Congenital Anomalies in Children With Cerebral Palsy: A Systematic Review

Shona Goldsmith, Sarah McIntyre, Michele Hansen, Nadia Badawi

Research output: Contribution to journalArticle

Abstract

Congenital anomalies are a strong risk factor for cerebral palsy, particularly for children born at term. This systematic review aimed to address gaps in our understanding of the association between congenital anomalies and cerebral palsy. Eight population-based studies (n = 10 081) were identified. Congenital anomalies were reported in 12% to 32% of children with pre/perinatal brain injury and 20% of children with postneonatal brain injury. Variation between studies included study cohort inclusion criteria and the definitions and classification of included anomalies. The most common cerebral anomalies were microcephaly and hydrocephaly, whereas circulatory system anomalies were the most common noncerebral anomalies. The proportion of congenital anomalies was higher in children born at term than preterm. Synthesizing the highest quality data published, this review identified that congenital anomalies are common in cerebral palsy. New collaborative research, addressing sources of variation, is vital to identify pathways to cerebral palsy that include specific congenital anomalies, and explore opportunities for prevention.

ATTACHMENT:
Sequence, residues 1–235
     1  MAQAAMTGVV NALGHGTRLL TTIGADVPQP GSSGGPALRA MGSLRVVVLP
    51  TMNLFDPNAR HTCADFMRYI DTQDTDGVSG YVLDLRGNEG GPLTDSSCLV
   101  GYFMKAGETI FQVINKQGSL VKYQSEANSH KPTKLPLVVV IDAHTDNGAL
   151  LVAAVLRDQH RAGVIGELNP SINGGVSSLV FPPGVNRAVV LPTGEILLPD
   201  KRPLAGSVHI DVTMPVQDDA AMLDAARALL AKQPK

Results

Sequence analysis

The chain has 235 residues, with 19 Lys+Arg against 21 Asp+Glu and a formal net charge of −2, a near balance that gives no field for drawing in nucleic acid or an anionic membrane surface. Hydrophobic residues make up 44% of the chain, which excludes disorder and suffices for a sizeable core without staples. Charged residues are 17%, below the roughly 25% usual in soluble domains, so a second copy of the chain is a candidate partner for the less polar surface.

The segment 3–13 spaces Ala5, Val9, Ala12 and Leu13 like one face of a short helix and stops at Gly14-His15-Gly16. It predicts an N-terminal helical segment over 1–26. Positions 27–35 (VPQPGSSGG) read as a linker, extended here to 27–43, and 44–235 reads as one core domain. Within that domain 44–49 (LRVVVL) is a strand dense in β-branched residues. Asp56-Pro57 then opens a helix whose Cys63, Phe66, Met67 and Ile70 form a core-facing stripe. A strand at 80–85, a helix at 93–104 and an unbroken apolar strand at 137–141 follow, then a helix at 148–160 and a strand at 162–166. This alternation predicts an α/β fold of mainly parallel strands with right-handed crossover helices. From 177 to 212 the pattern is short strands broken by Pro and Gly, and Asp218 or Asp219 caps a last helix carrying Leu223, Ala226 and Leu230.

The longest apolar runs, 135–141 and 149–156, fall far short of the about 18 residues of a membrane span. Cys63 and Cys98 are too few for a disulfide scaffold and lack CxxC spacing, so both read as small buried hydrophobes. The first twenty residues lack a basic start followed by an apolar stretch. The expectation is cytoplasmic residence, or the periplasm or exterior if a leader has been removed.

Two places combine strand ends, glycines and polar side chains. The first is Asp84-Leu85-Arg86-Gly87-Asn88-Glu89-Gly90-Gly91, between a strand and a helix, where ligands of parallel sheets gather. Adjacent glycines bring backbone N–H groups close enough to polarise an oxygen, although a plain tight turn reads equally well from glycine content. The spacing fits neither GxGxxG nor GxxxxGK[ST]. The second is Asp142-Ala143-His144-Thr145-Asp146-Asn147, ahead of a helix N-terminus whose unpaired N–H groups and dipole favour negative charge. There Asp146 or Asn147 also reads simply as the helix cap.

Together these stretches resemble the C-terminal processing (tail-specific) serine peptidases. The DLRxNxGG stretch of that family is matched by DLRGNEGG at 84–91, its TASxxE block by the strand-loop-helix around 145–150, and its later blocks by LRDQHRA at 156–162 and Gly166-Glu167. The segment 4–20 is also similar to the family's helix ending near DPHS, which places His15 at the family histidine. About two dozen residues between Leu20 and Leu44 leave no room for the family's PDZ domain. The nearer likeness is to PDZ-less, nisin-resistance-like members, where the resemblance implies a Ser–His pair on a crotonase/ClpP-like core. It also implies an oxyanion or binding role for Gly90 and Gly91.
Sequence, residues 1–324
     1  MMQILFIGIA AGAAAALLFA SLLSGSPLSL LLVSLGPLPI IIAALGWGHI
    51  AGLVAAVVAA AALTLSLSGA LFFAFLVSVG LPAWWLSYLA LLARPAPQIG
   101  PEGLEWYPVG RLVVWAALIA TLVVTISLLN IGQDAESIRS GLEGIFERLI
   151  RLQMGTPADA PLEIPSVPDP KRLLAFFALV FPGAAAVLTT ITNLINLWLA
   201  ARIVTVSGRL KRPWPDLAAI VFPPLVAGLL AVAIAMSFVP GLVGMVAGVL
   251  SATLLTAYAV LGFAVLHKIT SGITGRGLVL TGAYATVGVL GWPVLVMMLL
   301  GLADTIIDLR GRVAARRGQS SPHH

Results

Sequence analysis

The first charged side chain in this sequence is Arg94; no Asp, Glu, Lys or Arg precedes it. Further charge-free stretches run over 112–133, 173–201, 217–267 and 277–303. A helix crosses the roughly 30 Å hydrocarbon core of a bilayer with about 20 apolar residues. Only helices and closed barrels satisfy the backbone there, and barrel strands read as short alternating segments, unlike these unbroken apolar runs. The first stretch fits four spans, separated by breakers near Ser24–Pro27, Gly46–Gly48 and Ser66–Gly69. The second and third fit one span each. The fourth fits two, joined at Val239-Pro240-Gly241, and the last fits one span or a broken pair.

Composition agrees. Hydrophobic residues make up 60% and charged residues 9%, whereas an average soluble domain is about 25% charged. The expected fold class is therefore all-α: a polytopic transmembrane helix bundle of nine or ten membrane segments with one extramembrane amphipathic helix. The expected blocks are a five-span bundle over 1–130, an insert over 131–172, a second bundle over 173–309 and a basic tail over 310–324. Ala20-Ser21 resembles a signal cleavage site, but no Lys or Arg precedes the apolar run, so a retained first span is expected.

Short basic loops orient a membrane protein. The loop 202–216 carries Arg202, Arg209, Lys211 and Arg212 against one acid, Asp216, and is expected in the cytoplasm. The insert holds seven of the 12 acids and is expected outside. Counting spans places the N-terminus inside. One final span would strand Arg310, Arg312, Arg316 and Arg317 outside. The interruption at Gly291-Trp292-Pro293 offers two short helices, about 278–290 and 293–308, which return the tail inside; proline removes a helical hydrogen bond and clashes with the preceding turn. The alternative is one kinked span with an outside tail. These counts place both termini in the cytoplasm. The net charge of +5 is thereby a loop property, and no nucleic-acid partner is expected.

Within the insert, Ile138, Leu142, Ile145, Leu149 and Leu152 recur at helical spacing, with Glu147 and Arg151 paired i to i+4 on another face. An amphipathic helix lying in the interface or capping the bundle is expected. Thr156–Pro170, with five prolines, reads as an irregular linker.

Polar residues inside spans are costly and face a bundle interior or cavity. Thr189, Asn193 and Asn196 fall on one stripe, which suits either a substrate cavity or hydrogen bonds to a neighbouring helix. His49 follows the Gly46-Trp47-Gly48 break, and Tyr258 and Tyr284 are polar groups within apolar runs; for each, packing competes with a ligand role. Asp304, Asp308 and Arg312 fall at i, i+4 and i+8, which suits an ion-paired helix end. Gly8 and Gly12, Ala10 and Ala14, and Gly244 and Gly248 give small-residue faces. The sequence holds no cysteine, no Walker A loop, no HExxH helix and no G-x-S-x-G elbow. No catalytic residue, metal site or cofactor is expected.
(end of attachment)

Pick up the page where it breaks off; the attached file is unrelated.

Original languageEnglish
JournalJournal of Child Neurology
DOIs
Publication statusE-pub ahead of print - 17 Jun 2019

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Cerebral Palsy
Brain Injuries
Microcephaly
Hydrocephalus
Cardiovascular System
Cohort Studies
Research
Population

Cite this

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Congenital Anomalies in Children With Cerebral Palsy : A Systematic Review. / Goldsmith, Shona; McIntyre, Sarah; Hansen, Michele; Badawi, Nadia.

In: Journal of Child Neurology, 17.06.2019.

Research output: Contribution to journalArticle

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AU - Hansen, Michele

AU - Badawi, Nadia

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AB - Congenital anomalies are a strong risk factor for cerebral palsy, particularly for children born at term. This systematic review aimed to address gaps in our understanding of the association between congenital anomalies and cerebral palsy. Eight population-based studies (n = 10 081) were identified. Congenital anomalies were reported in 12% to 32% of children with pre/perinatal brain injury and 20% of children with postneonatal brain injury. Variation between studies included study cohort inclusion criteria and the definitions and classification of included anomalies. The most common cerebral anomalies were microcephaly and hydrocephaly, whereas circulatory system anomalies were the most common noncerebral anomalies. The proportion of congenital anomalies was higher in children born at term than preterm. Synthesizing the highest quality data published, this review identified that congenital anomalies are common in cerebral palsy. New collaborative research, addressing sources of variation, is vital to identify pathways to cerebral palsy that include specific congenital anomalies, and explore opportunities for prevention.

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